Athens anti-fascist motorcades: “Until the police protect immigrants, we'll do it ourselves”
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Over the past few months, as Greece has sunk deeper into crisis, racist attacks against immigrants have . Unsatisfied with the police’s response to this violence, residents of Athens have taken to patrolling a neighbourhood where thugs are known to beat up immigrants and cause damage to their shops.
Over the past few months, as Greece has sunk deeper into crisis, racist attacks against immigrants have risen sharply. Unsatisfied with the police’s response to this violence, residents of Athens have taken to patrolling a neighbourhood where thugs are known to beat up immigrants and cause damage to their shops.
They call themselves “anti-fascists”. Their sworn enemy: Golden Dawn and its sympathisers. The far-right party, once considered to be on the fringe, has surged in popularity since winning an electoral foothold in parliament in June. Golden Dawn’s sworn enemy, meanwhile, is illegal immigrants, which they blame for the country’s economic woes. Just last month, one of the party’s leading lawmakers led a group of his men into a street market, where they demanded to see permits from any vendor who looked foreign. They even destroyed one of the stalls and scattered the merchandise. Vendors at the market said police stood by and watched.
After several such incidents, the government scrapped the police protection that Golden Dawn lawmakers had enjoyed since their election, as all lawmakers do in Greece. However, many human rights groups now accuse the police of looking the other way and even discouraging victims of violence from filing complaints. Sometimes, as an amateur video filmed earlier this year shows, police officers have even participated in violence against immigrants.
Anti-fascist demonstrators patrolling Athens on September 30. Passersby - apparently immigrants - cheer them as they drive down the street on their motorcycles.
“The police pushed the anti-fascists off their motorbikes and started beating them”
Potmos (not his real name), 33, is a systems network administrator. He is part of Athens’ anti-fascist movement.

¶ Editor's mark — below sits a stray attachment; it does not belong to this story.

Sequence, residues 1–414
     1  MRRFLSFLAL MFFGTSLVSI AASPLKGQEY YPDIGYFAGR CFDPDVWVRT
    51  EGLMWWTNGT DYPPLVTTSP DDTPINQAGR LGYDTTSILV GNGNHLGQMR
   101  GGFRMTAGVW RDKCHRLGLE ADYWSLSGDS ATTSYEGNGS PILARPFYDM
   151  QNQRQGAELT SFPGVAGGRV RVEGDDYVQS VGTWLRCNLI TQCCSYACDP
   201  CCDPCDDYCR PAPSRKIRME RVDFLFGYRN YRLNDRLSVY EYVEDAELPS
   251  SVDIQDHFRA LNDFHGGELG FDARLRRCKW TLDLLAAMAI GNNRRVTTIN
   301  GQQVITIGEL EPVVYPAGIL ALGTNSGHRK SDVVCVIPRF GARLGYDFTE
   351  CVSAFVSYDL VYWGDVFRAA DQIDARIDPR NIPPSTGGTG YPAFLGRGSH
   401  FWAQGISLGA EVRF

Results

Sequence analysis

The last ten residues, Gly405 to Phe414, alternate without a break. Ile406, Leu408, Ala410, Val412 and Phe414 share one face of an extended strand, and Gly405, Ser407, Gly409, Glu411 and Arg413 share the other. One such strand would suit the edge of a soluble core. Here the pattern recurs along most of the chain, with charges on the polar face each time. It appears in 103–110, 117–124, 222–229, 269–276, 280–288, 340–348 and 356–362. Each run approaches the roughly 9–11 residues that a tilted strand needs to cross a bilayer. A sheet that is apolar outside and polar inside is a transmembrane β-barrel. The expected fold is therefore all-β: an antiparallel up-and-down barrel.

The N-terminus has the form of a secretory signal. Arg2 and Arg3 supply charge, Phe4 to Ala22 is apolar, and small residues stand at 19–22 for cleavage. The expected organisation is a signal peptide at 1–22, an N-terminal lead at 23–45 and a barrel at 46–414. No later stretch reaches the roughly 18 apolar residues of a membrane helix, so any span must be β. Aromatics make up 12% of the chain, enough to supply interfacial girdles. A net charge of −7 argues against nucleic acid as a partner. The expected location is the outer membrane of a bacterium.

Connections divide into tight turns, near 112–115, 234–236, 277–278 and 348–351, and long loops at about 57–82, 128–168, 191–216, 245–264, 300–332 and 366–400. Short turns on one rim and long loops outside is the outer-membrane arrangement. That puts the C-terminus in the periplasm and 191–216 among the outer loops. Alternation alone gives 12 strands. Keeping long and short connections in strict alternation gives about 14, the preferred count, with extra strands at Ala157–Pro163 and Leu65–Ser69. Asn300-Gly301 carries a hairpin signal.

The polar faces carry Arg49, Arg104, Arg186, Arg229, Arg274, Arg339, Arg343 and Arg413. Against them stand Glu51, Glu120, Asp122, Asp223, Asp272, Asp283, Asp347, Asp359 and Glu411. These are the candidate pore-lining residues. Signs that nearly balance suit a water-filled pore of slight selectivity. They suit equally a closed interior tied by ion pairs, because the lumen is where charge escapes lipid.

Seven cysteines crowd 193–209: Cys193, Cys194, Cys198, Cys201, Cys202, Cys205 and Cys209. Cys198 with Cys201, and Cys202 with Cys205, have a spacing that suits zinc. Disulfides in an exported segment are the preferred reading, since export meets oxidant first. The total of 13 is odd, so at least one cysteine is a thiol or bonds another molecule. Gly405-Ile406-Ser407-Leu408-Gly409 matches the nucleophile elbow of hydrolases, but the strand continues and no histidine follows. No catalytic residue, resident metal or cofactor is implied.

Responding to calls made on online media and through Facebook, anti-fascists have so far organised three patrols on motorbikes, each one bigger than the next. Some people assume we are all anarchists, but in fact there are people from different political persuasions – I believe all of them, however, are on the left. But we have no specific agenda apart from combating violence against immigrants. Everyone can join. Many of the volunteers are children of immigrants. Each time, we meet in Exharchia, a neighbourhood where many immigrants live and where Golden Dawn thugs carry out their “crackdowns”.
The first two times, things went well. I myself did not ride a motorbike, but many of my friends did, and I joined them at the meeting point in Exharchia to support them. The patrols were planned on nights when we had heard Golden Dawn members were planning crackdowns, but they were nowhere to be seen. Our goal, in fact, was to dissuade them from coming out. Neighbourhood residents I spoke to were quite happy to see somebody was on their side.
“Golden Dawn thugs were breaking the window of a store that apparently belonged to immigrants”
The third time, however – which was our biggest patrol, with about 100 people on motorbikes on September 30 – things didn’t go so well. As my friends on bikes told it to me, they arrived at the spot where Golden Dawn members had planned to meet and saw four or five thugs breaking the window of a store that apparently belonged to immigrants. Some of the anti-fascists got angry and attacked them, pushing them away with force. The police, which had followed the motorcade, at this point attacked the anti-fascists and arrested four of them. Everybody else drove back to the meeting point, but they were ambushed by more police. What happened then was brutal – the police pushed people off their bikes and beat them. One person was badly beaten and was hit by a flash grenade. In the end 15 people were arrested. [They were let out on bail Friday. The Minister of Public Order, in a statement, referred to them as "extremists" and claimed they were being "mentored" by opposition parties.]
“Those arrested were beaten, shot with Tasers, and even burnt with cigarette butts by police”
They were charged with assault and disturbance of public order, which becomes a felony if you’re hiding your face - which was the case here, though not purposefully, as they were wearing motorcycle helmets! They were also charged with possessing weapons. And what were those “weapons”? The flags that were attached to their motorbikes! [Chrissa Petsimeri, a lawyer who represents several of those arrested, said that they were also accused of throwing stones at the police, a charge they deny.] During their five days in detention, several of them were beaten, shot with Tasers, and even burnt with cigarette butts by the police. [The lawyer, who took photos of these wounds, says she will be using them in court. She also added that the two women among the accused were called insulting and sexist names by the police officers, while the men, forced to strip naked, were allegedly hit on their genitals.]
Despite this setback, there are plans for more motorcycle patrols. We’re hoping to avoid any violence or clashes with the police next time. Until the police can do their jobs and protect everyone who lives here, these patrols will go on.
Anti-fascist demonstrations have also recently taken place in other cities across the country, including Thessaloniki.
Post written with FRANCE 24 journalist Gaelle Faure.